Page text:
Thursday, August 21, 2008

My questions about the Apocalypse of Gabriel

Professor Knohl's new article in BAR has been posted HERE. I have also put a link to it on my growing index for the Apocalypse of Gabriel HERE.

I am a bit disturbed about Knohl's argument in the BAR piece, since the second temple passages that he quotes as evidence for a Jewish suffering messiah are from texts that have clearly been revised by later Christians.

How can we tell if the expectation of the suffering messiah in these late sources is pre- or post-Christian? One way to solve this dilemma is to notice HOW MUCH of the early Christian literature is devoted to apology for the fact that the Messiah Jesus suffered and died, and how this was a "stumbling block" to the conversion of Jews. Why would the Christians have so much explaining to do if there existed a common Jewish expectation of a suffering messiah prior to Jesus? This is a question that is absolutely necessary for us to face, and it suggests that IF the expectation already existed, it was not well-known or well-liked. Or the expectation grew as a result of Christians explaining the historical experience of their crucified Messiah Jesus.

So nothing is as "sure" as Knohl's argument suggests.

It is necessary that we approach this new apocalypse cautiously, especially until we determine its authenticity. This is the FIRST step, something that National Geographic Society recognized about the Tchacos Codex. The Society did the right thing by authenticating the Gnostic codex through scientific methods. I am concerned about the Apocalypse of Gabriel, however, because it is unusual to have ink on stone for a literary document. How sure are we that it is not a fraud?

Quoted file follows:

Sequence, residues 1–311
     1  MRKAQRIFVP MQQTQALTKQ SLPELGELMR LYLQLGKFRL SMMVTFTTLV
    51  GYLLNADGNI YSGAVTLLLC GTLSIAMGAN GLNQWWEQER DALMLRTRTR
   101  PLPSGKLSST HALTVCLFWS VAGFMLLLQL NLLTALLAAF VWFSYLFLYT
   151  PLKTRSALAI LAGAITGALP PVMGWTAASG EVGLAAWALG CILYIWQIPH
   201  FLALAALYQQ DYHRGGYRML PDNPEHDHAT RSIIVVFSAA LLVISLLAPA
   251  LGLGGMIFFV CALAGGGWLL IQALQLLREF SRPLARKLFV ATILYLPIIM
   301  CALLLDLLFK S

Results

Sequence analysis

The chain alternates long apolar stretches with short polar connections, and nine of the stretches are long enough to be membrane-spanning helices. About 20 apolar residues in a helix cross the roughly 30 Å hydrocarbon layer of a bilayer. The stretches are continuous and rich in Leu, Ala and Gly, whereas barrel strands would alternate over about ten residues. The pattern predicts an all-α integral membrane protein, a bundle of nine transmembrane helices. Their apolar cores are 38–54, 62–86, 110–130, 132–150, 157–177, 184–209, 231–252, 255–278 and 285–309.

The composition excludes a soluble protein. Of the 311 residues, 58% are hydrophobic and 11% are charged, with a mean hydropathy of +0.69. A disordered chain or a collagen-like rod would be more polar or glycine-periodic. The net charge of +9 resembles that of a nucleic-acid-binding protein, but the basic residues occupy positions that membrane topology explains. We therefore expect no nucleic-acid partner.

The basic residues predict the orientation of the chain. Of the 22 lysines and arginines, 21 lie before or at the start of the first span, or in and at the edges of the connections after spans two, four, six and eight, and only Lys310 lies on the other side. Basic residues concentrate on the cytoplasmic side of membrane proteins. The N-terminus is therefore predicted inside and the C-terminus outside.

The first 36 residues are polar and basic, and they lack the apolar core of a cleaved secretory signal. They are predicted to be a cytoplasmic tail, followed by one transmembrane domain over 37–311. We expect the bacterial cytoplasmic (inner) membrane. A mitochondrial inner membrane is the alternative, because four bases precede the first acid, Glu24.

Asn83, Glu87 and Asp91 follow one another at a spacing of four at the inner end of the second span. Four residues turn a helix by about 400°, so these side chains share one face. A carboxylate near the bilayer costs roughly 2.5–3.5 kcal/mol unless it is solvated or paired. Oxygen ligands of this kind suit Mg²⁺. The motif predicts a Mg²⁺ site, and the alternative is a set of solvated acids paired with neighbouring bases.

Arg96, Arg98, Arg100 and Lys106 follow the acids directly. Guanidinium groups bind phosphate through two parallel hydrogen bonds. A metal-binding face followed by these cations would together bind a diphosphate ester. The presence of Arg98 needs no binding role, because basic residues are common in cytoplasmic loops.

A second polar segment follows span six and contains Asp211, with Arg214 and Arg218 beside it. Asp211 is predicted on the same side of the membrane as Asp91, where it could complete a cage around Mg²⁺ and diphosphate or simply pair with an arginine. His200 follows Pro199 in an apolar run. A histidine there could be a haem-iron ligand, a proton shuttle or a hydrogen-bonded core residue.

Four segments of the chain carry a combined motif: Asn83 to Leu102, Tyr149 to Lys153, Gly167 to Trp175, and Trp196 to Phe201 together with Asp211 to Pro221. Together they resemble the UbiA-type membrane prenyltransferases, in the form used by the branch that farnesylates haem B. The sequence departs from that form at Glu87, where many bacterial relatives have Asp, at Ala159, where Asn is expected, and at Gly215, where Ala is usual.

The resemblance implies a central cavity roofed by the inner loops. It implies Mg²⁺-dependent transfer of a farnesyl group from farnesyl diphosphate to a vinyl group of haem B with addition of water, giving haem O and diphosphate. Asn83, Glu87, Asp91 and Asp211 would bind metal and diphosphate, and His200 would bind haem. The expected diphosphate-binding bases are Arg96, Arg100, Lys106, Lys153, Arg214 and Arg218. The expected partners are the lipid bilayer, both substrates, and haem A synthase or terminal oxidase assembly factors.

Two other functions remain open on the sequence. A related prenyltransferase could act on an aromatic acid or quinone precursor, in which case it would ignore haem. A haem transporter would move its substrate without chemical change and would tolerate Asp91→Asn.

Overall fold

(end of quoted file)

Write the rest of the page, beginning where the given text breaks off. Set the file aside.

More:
Jared said...

Since it is ink on stone, could not the ink be tested? Or is it possible to extract enough ink without damaging it too much?

Paul said...

As I understand it from divinity school, the messianic theme is present in Judaism, but as a minor note - not at all the thing where, as some Christians would have it, all of Judaism was relentlessly consumed with the vision of a Messiah until Jesus came along.

Also, the Messiah was indeed expected to bring military and politcal triumph.

Leon said...

We know most Jews did not accept that Jesus was the Messiah. That is a given. But it is not necessarily certain that the reason Jesus' followers gave for Jewish resistnace was the actual reason. It may have been part of it, but there may have been other reasons as well, which Jesus' followers suppressed because it was an embarrassment to them.

For example, Jesus' followers were spreading the story of Jewish respnsibility in Jesus' death. Jews probably knew that was not true and figured that if we cannot trust them on this, why should we trust them on anything else? There was also a problem that gentiles were beginning to deify Jesus and that did not sit well with Jews. Gentiles were now making a big deal of the whole idea of the Messiah and Jews felt this was just a small part of the religion. Another factor is that a number of things were expected at the end of time (like more justice and an era of peace) and none of this seemed to be coming to pass. Mistranslating the Hebrew "almah" (Isaiah 7:14) as virgin was yet another problem. And then there was the general problem that Jesus' followers were saying that Jews did not understand Hebrew scripture.

There was a lot going on. That some of Jesus' followers spoke of a stumbling block is just the tip of the iceberg and may have been the smallest factor.

Leon Zitzer

Michael Lauer said...

If I understand correctly, Professor Knohl views the Vision of Gabriel (his interpretation of it, that is) as supporting his thesis that the "suffering messiah" idea predated Christianity, and I guess as a sort of corollary that those second-temple-era sources weren't worked over by Christians:

"Several scholars have argued that these late passages should be traced to Christian circles.5 A leading rabbinic scholar, Saul Lieberman, has argued otherwise.6 I have agreed with Lieberman.7 I believe “Gabriel’s Revelation,” now published in BAR, supports the view that the tradition of the Messiah son of Joseph who is killed goes back to the late first century B.C.E. or the early first century C.E."

I have no idea the arguments are either way about those passages, but I'd love to hear anything anyone has to say about them. More of my ill-informed thoughts here.


Roger Pearse said...

Ink on stone sounds very unusual. Are there any other examples?

Finds of Christian-related fakes are so common, and so profitable, that perhaps we should suspend all judgment until someone finds a way to authenticate the find.